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2 milestones for JV, HFA for Astros in playoffs

@brianmctaggart
September 29, 2019

ANAHEIM -- Maybe at some point when he’s long since retired, Justin Verlander will grab a baseball record book and start flipping through the pages. Maybe then he’ll have a better understanding of his place in history and the names of the greatest players in the game whose glory he

ANAHEIM -- Maybe at some point when he’s long since retired, Justin Verlander will grab a baseball record book and start flipping through the pages. Maybe then he’ll have a better understanding of his place in history and the names of the greatest players in the game whose glory he now shares.

That stuff is hard to wrap your mind around when you’re still chasing milestones, memories and wins. Verlander’s tremendous regular season came to an end Saturday night when became the 18th pitcher in baseball history to reach 3,000 strikeouts, as well as hitting 300 strikeouts in a season, in the Astros’ 6-3 win at Angel Stadium.

Box score

Verlander put the finishing touches on his Cy Young-caliber season by striking out 12 batters in six innings to win his 21st game of the season and send the Astros to their 106th win and clinch home-field advantage throughout the playoffs.

“I think it’s one of those things you keep your head down and keep pitching,” Verlander said. “I am thankful to be able to reach 3,000 -- incredibly thankful. It was never an end goal for me. I think, really, it’s just a huge step along the way. Obviously -- knock on wood -- I’m not near the end of my career, so just stay on the gas and keep trying to pitch as long as I can and see what happens.”

After not striking out a batter the first inning, Verlander posted 11 in the following four innings, reaching 3,000 with his fourth-inning punchout of Kole Calhoun, who reached first base on a wild pitch and scored on Andrelton Simmons’ homer in the next at-bat. Verlander started the year with an outside shot at 3,000.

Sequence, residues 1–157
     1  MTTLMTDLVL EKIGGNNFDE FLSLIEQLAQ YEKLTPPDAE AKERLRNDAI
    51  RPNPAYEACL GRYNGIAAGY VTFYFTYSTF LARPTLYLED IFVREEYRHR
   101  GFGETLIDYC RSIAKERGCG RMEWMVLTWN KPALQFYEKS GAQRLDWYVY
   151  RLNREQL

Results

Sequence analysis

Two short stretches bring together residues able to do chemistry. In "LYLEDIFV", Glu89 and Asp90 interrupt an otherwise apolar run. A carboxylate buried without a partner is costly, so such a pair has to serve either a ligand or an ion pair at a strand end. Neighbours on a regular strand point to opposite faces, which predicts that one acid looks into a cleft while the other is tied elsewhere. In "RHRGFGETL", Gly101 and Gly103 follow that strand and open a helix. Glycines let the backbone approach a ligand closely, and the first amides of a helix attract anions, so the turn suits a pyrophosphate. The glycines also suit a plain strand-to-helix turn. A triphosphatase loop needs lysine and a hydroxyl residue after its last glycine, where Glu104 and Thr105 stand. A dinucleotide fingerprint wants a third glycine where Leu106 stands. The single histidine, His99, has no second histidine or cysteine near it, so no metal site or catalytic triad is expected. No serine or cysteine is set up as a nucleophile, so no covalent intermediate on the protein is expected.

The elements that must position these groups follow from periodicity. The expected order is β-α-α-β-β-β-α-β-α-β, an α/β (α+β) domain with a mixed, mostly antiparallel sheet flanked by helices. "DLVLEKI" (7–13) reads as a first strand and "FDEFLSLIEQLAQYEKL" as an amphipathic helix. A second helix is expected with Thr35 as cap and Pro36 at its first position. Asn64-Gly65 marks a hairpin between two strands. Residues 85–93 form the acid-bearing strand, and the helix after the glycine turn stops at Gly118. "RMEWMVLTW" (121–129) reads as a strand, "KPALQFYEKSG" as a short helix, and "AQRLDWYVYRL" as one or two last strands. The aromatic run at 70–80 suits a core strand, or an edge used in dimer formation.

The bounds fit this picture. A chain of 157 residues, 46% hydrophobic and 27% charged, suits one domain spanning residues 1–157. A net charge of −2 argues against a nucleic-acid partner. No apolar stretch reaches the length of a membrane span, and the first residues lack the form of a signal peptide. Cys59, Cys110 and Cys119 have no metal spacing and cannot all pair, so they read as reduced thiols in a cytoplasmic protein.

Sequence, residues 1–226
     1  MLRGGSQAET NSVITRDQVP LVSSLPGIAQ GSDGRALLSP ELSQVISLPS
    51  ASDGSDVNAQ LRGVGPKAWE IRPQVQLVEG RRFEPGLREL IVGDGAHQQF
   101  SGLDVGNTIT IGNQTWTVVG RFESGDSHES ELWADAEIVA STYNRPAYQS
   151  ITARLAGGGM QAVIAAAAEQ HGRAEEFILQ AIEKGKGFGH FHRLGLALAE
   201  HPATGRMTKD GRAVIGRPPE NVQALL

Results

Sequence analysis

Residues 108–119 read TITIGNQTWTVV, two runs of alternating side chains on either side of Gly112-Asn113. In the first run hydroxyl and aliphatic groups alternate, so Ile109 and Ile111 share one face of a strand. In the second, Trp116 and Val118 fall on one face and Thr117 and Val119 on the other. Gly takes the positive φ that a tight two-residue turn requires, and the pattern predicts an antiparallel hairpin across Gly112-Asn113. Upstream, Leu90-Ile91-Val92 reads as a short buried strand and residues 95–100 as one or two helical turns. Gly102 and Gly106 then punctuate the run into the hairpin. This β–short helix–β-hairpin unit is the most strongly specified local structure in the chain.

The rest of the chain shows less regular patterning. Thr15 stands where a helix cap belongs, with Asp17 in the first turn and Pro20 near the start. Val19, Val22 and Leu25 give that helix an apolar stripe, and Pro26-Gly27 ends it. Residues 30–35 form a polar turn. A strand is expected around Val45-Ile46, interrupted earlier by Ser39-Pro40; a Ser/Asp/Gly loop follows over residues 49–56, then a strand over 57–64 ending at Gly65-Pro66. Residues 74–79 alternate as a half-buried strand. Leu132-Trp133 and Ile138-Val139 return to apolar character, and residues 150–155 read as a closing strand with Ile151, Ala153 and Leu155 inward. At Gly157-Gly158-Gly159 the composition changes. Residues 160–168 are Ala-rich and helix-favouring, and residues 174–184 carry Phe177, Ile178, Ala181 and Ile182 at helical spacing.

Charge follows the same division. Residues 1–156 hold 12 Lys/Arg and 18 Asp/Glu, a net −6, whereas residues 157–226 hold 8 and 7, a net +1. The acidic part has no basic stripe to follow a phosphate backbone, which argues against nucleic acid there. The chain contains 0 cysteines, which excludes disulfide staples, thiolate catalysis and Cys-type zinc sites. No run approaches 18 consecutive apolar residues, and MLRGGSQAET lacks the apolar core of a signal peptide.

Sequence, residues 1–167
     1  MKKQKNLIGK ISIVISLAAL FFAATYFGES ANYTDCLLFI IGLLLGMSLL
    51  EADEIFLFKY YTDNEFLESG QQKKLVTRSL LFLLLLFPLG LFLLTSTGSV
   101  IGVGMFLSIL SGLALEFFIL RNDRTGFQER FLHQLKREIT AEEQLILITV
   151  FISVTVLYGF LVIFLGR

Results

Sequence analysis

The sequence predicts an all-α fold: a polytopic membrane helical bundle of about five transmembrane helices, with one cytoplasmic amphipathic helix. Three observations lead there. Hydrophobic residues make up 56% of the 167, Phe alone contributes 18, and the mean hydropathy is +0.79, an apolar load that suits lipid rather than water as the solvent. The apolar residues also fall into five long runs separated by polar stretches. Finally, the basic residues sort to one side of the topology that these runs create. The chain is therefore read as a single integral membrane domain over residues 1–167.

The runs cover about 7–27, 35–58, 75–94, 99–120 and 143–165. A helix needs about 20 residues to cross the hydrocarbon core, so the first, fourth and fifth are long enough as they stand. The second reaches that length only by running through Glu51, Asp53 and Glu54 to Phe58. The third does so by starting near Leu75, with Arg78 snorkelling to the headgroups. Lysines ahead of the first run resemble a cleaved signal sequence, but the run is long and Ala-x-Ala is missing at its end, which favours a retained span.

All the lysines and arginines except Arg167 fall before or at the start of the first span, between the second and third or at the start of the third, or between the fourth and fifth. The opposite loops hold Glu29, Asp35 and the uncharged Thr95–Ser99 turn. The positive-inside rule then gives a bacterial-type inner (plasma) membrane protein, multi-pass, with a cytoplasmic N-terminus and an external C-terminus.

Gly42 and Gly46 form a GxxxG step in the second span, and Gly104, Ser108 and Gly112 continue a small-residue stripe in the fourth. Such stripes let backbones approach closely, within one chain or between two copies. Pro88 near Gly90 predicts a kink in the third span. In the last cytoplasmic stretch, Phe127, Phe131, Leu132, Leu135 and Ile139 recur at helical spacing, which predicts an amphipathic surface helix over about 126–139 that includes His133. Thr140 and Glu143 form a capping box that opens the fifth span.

“Getting to that number meant a lot to me tonight,” he said. “I knew I was six away, but I only struck out five last time I faced them, so these guys have been really tough against me all season long. I almost honestly kind of wrote off 300. I thought it was going to be a lot to ask for, based on how these guys don’t strike out much and how they had battled me all season long. Next thing you know, I got 3,000 and I was like, ‘All right, whew.’”

Robinson Chirinos, who caught every one of Verlander’s 34 starts this season, hugged him after the 3,000th strikeout and told him he was sorry he didn’t catch the slider that Cole swung through and went for a wild pitch.

“He was like 'Don't worry about it,’” Chirinos said. “I lost that pitch because Calhoun is so on top of the plate, so the ball was coming into him and it hit my foot and went the other way. I was laughing that it happened in the worst moment. Something to remember. Good thing [Verlander] got to 3,000."

In the sixth inning, Verlander struck out Calhoun again for his 12th whiff of the game and 300th of his season -- a career high. He joined Gerrit Cole (316 strikeouts) as the only set of teammates to strike out 300 in a season since Randy Johnson (334) and Curt Schilling (316) for the 2002 D-backs.